In his essay for the Criterion edition of “Monterey Pop,” Michael Lydon asks some tantalizing questions: “The Monterey International Pop Festival is over, all over. And what was it? Was it one festival, many festivals, a festival at all? Does anything sum it up, did it mean anything, are there any themes? Was it just a collection of rock groups of varying levels of proficiency doing their bit for a crowd of thousands who got their fill of whatever pleasure of sensation they sought? Was it the most significant meeting of an avant-garde since the Armory Show or some Dadaist happening in the twenties? . . . .One is left only with questions that a mind besodden with sound and sound and sound and sound cannot answer.” Perhaps Booker T. Jones, in his account last week of what he remembered about being a participant in the original Festival, gives us the most telling answer: “You know, everyone wants to know what I thought of the [original 1967 festival], but I can’t tell you, because I was just talking to [Cream bassist] Jack Bruce the whole time. I missed the entire concert; so did he.” Of course, Booker T. no doubt does remember his performing with Otis Redding–performances that are vividly captured on Disc Two of the Criterion set, which also documents electrifying (no pun intended) performances by Jimi Hendrix, including the now-iconic one where he sets his Fender Stratocaster on fire before smashing it to bits on stage. Although a piece of the slightly charred Strat body is on display in Seattle’s Experience Music Project Museum, I have often wondered what happened to the guitar neck Hendrix threw into the audience. Who caught it, did they keep it, did they sell it, or do they remember catching it? At this point recall the well-worn adage that says if you remember the Sixties you weren’t there, etc.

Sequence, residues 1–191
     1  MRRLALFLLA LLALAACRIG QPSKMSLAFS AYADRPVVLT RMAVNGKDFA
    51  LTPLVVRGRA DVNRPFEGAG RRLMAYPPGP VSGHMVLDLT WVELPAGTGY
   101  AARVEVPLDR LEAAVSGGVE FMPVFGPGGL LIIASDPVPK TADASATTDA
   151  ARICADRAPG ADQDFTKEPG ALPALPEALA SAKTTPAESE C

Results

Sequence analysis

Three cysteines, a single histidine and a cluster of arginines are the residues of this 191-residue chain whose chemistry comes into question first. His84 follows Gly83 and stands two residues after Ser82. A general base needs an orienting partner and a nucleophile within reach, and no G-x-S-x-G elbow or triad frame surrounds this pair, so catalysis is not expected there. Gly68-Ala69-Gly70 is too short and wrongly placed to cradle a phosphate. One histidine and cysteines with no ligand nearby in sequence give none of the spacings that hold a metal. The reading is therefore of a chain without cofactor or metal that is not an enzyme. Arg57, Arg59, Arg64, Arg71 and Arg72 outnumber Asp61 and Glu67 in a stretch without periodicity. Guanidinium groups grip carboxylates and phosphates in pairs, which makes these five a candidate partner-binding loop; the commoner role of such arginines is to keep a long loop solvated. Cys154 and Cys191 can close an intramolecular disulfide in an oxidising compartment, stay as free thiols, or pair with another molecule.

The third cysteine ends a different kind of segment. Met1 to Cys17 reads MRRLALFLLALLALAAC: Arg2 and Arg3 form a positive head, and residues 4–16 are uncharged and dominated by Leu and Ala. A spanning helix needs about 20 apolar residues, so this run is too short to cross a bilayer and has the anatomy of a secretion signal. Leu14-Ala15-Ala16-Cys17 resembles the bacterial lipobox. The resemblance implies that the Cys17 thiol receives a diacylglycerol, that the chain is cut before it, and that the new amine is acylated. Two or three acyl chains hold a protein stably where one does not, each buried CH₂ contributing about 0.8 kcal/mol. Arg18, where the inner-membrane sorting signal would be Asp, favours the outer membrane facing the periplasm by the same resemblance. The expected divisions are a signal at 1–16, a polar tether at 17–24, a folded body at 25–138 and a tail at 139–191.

Like Booker T., whose album with the MGs, “Hip-Hug-Her,” is my favorite album of 1967, I don’t remember the Monterey Pop Festival, although I was old enough (but just barely) to attend at the time. I do remember reading about it, but I didn’t watch the documentary until last year. And I didn’t see “Woodstock” until the early 80s and “Gimme Shelter” until 2014. I was aware of these events at the time, but despite my countercultural leanings, was only marginally connected to them. And this says a great deal about historical consciousness, memory, and nostalgia. So, while I was cognizant of the Monterey Festival as it was being staged, I only experienced it (vicariously of course) last year. This is the flaw in nostalgia–we often trick ourselves into imagining we experienced things in the past when we didn’t.
One event I did experience at the time, however, is the release of my second favorite album of 1967–Jefferson Airplane’s “Surrealistic Pillow”–that I bought in West Jefferson, North Carolina the week it was released. Needless to say, I am fond of the Airplane’s alternate version of “Somebody To Love” as they performed it at the Monterey Pop Festival. Now I am looking forward to experiencing the 50th anniversary of the new Monterey Pop several years from now–which is destined not to wait that long now that we have 24/7 YouTube.
I am already waxing nostalgic over the future. And I hope you are too.
See you next week. In the meantime, check out the 1967 Monterey Pop Festival.